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African renaissance and the First World War

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BerichtGeplaatst: 10 Jul 2013 12:47    Onderwerp: African renaissance and the First World War Reageer met quote


By Melaku Mulualem

The First World War started in 1914 in Europe. The war took place between two contending blocs namely the Triple Entente and the Triple Alliance.

Britain, France and Russia were in the Triple Entente, however, Germany, Italy and Austro-Hungary were in the Triple Alliance bloc. After the beginning of the war more than thirty countries joined the war. As a result of this war more than 10 million peoples were killed and double of that number were wounded.

By the year 2014, the First World War will be a century old war. Based on the above mentioned historical event I would like to draw the attention of the African Union on the issue of commemoration of the First World War, the return of historical heritage of Africa from the former colonial powers and veto power to Africa.

As it is well known, the impact of the First World War was not confined to the European continent. Colonial powers had also used the human and natural resources of colonized countries. In order to pay for the heavy expenses of the war, European colonial powers put more taxation on the colonized peoples of Africa. Moreover, they took grain and livestock from their colonies to the combatants in Europe.

The peoples from Africa and Asia were forced to join the war as recruits or laborers in European armies. Even if there were some resistance from the African side, it was followed by harsh reprisals from their colonial masters. According to various sources, for instance, France had recruited 70,000 Algerians and 170,000 West Africans to serve in their European armies. Similarly other colonial powers had also used the young and the working force of Africa in the bloody war. Colonial powers also gave financial incentives to some African chiefs who can recruit soldiers and laborers forcefully or “voluntarily”. Some men tried to escape from the recruit by hiding in a bush, or fleeing across borders.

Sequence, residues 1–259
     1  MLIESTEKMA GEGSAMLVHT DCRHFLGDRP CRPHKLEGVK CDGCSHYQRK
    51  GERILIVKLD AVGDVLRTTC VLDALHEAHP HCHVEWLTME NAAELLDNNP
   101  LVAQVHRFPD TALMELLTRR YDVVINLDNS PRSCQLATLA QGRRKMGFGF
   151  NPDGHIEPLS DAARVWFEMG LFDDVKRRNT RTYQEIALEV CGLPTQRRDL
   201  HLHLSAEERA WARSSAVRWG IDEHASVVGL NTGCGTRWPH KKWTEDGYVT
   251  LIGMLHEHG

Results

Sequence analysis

Under the topic of The Story of Africa Between World Wars, for instance, BBC says that there was forceful recruitment “under the British in northern Rhodesia [The present day Zambia]. In the Congo, the Belgians forced 260,000 men to be porters carrying soldiers [wounded soldiers], equipment and provisions…In 1912, the French set about creating a permanent black army. There was compulsory military service for all African males…In East Africa, the British instituted a compulsory service order in 1915 covering all males aged 18-45”.

Be that as it may, most of the Africans who were recruited for the war had little knowledge what the war was about, and with whom they would fight. As a result of the First World War, many Africans had lost their life in the absence of their own cause. Moreover, the demand of so many men to the war had threatened agricultural production in Africa with a consequence of famine and drought.

According to the above mentioned source “The First World War gave rise to a crucial change in the relationship between Europe and Africa. Over two million people in Africa made huge sacrifices for the European Allies. 100,000 men died in East Africa and 65,000 men from French North Africa and French West Africa lost their lives”. Since France and Britain had many colonies in Africa, most of the African soldiers and laborers were on the side of the Triple Entente. African soldiers had also suffered from poisons gas and chemical weapons from opposing forces.

As mentioned above, colonial powers draw the peoples of Africa into the battle field. Moreover these powers used other means to weaken their enemies. One of the strategies was to encourage unrest, rebellion, and nationalism among their enemies’ colonial subjects. The main objective of this strategy was to weaken opponents by forcing them to allocate human and military resources to suppress unrests and disturbances. This strategy of European colonial powers was also a burden to African people who had been involved in the proxy war and conflict.

After the end of the First World War the former German colonies of Africa were given to the victorious European powers as mandates of the League of Nations. As a result of this decision some African countries were forced to experience another “colonial power” under the cover of mandate system. Thus Britain and France, which were on the side of the winner of the war, could get more colonies than before the beginning of the war.